As the story goes, Amanda Freitas made quite a first impression on the North Medford softball coaches when she was just an eighth grader.

As the story goes, Amanda Freitas made quite a first impression on the North Medford softball coaches when she was just an eighth grader.

At first it was because the diminutive Freitas showed up wearing tight jeans with holes in the knees, slip-on shoes and makeup more suited for a big night out than a gymnasium tryout.

To be honest, Freitas didn't exactly look the part upon first glance.

Then she ran from home plate to first base in a timed exercise. And in that moment, Freitas won over all in attendance.

The 5-foot-3, 116-pound dynamo has done nothing but add to that positive impression ever since.

"When she came to us a few years back, the biggest thing we noticed was how quick she was and how she had really good hand-eye coordination," says North Medford head coach Mike Mayben. "We've watched her mature from being a freshman where you're not sure where she's going to fit in to a starter by her sophomore year. It's been a pretty impressive growth."

Freitas and company will look to continue that at 4:30 p.m. today when they play host to Central Catholic (19-5) and Washington-bound pitcher Kaitlin Inglesby in the state quarterfinals. The Black Tornado beat Inglesby and the Rams 2-0 in the second round last year.

As a junior left fielder these days, Freitas has emerged as an integral piece of the puzzle for the reigning Class 6A state champions. She led North Medford with a .487 batting average a season ago and has added a little more pop in her bat this year to hit .429 with 26 runs and 18 stolen bases for the top-ranked Tornado (26-2).

Her on-base average of .522 has her tied for second on the team with Jenna Stevens. They both trail senior McKenna Storey (.584), who is also the only player with a better batting average (.520) than Freitas.

"I've always just tried to do the best I can to get the ball down in the ground any way I can and then go from there," says Freitas, 16.

Even that is a feat in itself when you consider Freitas was a natural right-handed hitter until the North Medford coaches got their hands on her. Given her blazing speed, it seemed natural to turn her around and make her a left-handed hitter. Natural, of course, for all those involved in the decision but Freitas.

"It was just kind of a shock at first to even comprehend that I was going to be switching sides and hitting left-handed," she admits. "It was quite different. I get a lot different view on the ball, especially walking toward it as it's coming at me. But I had really good coaches helping me make the change."

Freitas flirted with the change in eighth grade, and would move back over to the right side when she had two strikes on her through the first half of her freshman year.

"I stopped moving back over halfway through my freshman year after I got a couple really good hits left-handed," says Freitas, who also boasts a 3.3 GPA. "After that the coaches said, 'That's it,' and I couldn't hit right-handed anymore."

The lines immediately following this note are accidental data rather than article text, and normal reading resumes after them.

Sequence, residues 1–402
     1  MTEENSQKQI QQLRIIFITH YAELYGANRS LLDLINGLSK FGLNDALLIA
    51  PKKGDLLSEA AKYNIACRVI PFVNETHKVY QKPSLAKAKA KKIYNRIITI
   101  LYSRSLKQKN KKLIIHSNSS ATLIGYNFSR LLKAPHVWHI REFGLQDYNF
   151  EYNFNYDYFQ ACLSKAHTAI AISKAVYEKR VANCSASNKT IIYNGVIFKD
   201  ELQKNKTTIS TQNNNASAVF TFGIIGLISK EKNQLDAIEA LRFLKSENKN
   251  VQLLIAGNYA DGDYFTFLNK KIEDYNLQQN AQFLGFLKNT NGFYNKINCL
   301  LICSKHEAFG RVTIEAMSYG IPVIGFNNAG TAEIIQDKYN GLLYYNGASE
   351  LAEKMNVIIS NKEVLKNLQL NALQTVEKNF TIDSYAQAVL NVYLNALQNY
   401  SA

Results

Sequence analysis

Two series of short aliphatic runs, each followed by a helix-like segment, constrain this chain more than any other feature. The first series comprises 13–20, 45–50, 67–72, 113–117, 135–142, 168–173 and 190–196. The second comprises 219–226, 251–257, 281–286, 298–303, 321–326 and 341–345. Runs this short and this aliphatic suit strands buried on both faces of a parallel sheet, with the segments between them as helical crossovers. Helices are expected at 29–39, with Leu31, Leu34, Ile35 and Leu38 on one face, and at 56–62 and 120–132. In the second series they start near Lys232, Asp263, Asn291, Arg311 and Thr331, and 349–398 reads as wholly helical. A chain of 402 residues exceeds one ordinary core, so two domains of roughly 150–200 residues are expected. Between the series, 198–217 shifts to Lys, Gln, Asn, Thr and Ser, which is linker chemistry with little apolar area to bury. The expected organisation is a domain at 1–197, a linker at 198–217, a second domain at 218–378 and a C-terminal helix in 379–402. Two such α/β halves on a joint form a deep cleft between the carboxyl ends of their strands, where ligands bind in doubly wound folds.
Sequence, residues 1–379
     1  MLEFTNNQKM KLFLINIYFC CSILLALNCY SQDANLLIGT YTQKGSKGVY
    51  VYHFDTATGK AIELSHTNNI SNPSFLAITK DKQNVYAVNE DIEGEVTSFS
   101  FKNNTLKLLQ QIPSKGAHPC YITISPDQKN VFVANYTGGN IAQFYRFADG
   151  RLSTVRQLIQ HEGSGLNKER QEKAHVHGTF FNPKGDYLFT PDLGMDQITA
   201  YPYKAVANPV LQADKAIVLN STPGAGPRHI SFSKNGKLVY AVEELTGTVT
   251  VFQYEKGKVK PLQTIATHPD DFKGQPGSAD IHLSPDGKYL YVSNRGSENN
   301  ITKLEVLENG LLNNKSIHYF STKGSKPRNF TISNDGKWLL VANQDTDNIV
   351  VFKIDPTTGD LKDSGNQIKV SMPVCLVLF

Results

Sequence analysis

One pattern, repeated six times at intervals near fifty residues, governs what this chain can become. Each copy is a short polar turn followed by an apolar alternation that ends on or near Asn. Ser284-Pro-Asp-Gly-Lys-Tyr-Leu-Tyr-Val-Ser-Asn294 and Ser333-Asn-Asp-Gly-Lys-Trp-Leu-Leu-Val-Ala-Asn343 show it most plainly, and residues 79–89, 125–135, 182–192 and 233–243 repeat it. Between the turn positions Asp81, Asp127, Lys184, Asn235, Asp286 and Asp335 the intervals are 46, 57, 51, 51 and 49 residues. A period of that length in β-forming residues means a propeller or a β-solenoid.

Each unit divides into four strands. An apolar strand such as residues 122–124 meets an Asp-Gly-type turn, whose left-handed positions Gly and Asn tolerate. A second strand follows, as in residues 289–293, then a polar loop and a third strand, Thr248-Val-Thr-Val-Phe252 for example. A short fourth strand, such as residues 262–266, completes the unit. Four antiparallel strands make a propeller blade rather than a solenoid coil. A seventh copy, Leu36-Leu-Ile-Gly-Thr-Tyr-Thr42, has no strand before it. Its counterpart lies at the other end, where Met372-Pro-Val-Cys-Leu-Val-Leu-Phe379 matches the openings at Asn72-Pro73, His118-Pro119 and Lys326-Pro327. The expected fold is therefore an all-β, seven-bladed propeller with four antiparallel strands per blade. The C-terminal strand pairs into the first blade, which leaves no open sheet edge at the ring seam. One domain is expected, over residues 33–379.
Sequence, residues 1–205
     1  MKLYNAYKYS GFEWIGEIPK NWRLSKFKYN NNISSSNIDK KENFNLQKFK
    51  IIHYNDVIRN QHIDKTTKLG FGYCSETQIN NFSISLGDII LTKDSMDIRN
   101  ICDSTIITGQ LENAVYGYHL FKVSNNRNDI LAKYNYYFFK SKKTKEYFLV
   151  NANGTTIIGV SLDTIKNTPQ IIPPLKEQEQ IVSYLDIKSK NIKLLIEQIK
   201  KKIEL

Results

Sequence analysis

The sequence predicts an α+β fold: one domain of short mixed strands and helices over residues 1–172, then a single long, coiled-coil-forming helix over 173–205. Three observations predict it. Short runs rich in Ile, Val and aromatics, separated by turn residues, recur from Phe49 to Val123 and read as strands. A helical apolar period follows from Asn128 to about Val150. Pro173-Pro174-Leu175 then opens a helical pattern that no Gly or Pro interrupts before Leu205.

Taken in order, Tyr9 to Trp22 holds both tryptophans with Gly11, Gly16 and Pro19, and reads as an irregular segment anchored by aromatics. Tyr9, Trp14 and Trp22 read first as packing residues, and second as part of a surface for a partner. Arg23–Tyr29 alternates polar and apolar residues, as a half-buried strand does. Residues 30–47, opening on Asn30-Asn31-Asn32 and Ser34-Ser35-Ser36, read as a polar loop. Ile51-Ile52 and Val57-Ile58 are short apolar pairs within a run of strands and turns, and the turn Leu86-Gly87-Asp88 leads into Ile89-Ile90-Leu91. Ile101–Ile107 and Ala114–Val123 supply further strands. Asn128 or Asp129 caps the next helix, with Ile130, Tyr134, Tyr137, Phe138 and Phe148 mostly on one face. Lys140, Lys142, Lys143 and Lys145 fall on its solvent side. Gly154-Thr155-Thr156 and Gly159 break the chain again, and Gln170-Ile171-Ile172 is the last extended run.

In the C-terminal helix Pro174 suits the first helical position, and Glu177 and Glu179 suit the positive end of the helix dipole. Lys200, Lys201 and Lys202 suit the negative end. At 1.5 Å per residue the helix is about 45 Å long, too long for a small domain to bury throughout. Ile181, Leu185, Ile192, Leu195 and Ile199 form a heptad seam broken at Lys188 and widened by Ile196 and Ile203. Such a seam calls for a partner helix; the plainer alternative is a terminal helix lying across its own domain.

The process began with her mostly bunting from the left side and then using her speed to reach safely. She began to blossom as a slap-hitter last year, and has come full circle to where she can just as easily drop a bunt down as she can send a shot deep into the outfield.

"Last year I was a little more about placement and this year I've gotten a lot stronger on the left side and I can hit it further than I used to be able to," Freitas says proudly. "I had always watched some of my other teammates like McKenna be able to rip shots and I never could do that, but this year I've been able to come out and help my team even more by putting myself in scoring positions in clutch situations."

In reality, Freitas has developed into a not-so-secret weapon for the Tornado despite batting ninth in the lineup. Finding the right person for that spot to help turn the lineup over is highly valued by any coach, and Mayben says he knew right away that Freitas was a perfect fit at No. 9.

"You always want somebody with speed who can get on base a lot and make good contact there," says the coach. "And this year she's actually stepped up and driven in some key runs late in games to help us that way, too."

It was Freitas' leadoff triple 21/2 weeks ago that set the stage for Storey's eighth-inning heroics as North scored its third win over No. 3 Grants Pass to sweep the series. She was also 2-for-3 with two runs scored in the Tornado's 4-3 championship win over Sunset last year, further strengthening her status as a big-game player.

Her clutch abilities did give Mayben some thoughts of moving Freitas out of the No. 9 spot for a time, but the tinkering didn't last long.

"It wasn't a bad situation," the coach says of batting Freitas in the leadoff spot, "it just didn't give us quite the same results as we had been getting. It's more of a reflection on how valuable it is to have a kid like Amanda on the bottom of the lineup putting the ball in play and getting on base than anything else. Most teams don't get anything out of that spot and we get a ton of production with her at the end of our lineup."

And so it continues for Freitas, who tried soccer in her younger days but fell in love with softball right away. And although some would suggest her fleet feet would make her a natural sprinter on the track team, she's never once thought about stepping away from the diamond.

"I like my 60 feet," she says of her territory on the basepaths. "I'm not a long distance person; 60 feet is good for me."

Reach reporter Kris Henry at 541-776-4488, or e-mail khenry@mailtribune.com